Network of Regional Youth Work Units England blog

A Network of Regional Youth Work Units, in England, collaborating across regions to promote good youth work and young people’s voices.

New directions for youth work?

national youth work weekThis year, the Regional Youth Work Unit at Learning South West promoted National Youth Work Week through a daily e-bulletin publicising events and activities planned by youth work organisations in the South West.(see enclosed PDF)

I’ve been impressed by the variety and creativity of the events offered by organisations from right across the youth sector. It’s comforting to think that despite the challenges faced by young people and the youth sector, organisations and individuals continue to innovate and use ever-decreasing resources carefully to co-create positive experiences with young people.

It’s also encouraging to find that individuals and organisations are perhaps more inclined to share information and work collaboratively with others in the region and beyond, in order to enhance their offer to young people. Here at the Regional Youth Work Unit we are seeing an ever broader range of organisations engaging with our training, networks and conferences, suggesting that the concept of youth work continues to be relevant and important to those working with young people in many different settings.

Our Annual Conference, to be held later this month, is called ‘Slotting the Pieces Together: new roles for youth work’ and explores some of the areas where youth work is expanding – in schools and alternative education; faith organisations, health and housing, and seeks to identify the ‘architecture’ required to hold it together – workforce development, quality standards and identifiable outcomes for young people perhaps?

Depletion of resources

There is a real danger that with local authorities moving away from delivering open access youth work towards focusing their resources on work with vulnerable young people, while simultaneously reducing grant aid to voluntary sector infrastructure organisations, the professional support which is so valued by local youth organisations will be seriously depleted.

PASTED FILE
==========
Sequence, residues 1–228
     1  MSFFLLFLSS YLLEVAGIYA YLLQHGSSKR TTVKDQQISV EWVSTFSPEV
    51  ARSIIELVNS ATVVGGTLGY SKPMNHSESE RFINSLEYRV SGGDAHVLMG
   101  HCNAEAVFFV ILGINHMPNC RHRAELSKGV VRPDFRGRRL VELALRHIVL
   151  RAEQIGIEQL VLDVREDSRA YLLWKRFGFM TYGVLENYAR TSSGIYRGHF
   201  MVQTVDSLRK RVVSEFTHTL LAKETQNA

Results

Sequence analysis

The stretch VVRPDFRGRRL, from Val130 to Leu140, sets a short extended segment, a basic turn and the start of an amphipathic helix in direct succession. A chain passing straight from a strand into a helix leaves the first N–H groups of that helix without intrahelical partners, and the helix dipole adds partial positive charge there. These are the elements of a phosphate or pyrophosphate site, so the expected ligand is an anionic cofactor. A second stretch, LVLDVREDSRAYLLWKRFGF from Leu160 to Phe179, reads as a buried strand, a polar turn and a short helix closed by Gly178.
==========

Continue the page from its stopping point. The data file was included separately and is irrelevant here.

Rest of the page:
One area where this has been recently highlighted for us has been with Parish & Town Councils who increasingly support local youth provision. Many parish/town councillors who attended a recent event we ran felt their efforts were hampered by lack of ready access to support, guidance and training for their volunteers and paid youth workers. Obviously the Regional Youth Work Unit can help with this, but in such a large region, we can’t always be there to visit new projects and support them individually.

A local authority view

My plea to local authorities, faced with really difficult decisions about what to cut and what to save, is to ensure that providers of youth work in their areas have access to consistent professional support and guidance as they strive to meet the needs of young people with considerably fewer resources.

There are some good examples of local authorities providing this support themselves, or contracting with a local or regional organisation to provide the support required. In those areas, despite substantial cuts in budgets, the basics of local youth provision have continued, and new organisations have been able to set up youth provision, confident that they can meet required standards and access appropriate training.

decisions

All change?

While there do seem to be some alternative ways of funding youth work provision, many youth sector infrastructure bodies are clinging on by their fingertips. And this is at a time when lots of new provider organisations are springing up, and organisations without much youth work experience are employing individual youth workers who may be isolated from traditional support networks.

Forms of support need to change to reflect the different settings and environment for youth work, but there still remains a need for consistent professional support and guidance. There are no obvious charitable funding sources for infrastructure provision that could replace local authority funding, and we risk losing much of the current goodwill amongst organisations such as Town Councils if they can’t find a local source of professional support for new youth projects.
Gill Millar
Regional Youth Work Unit at Learning South West

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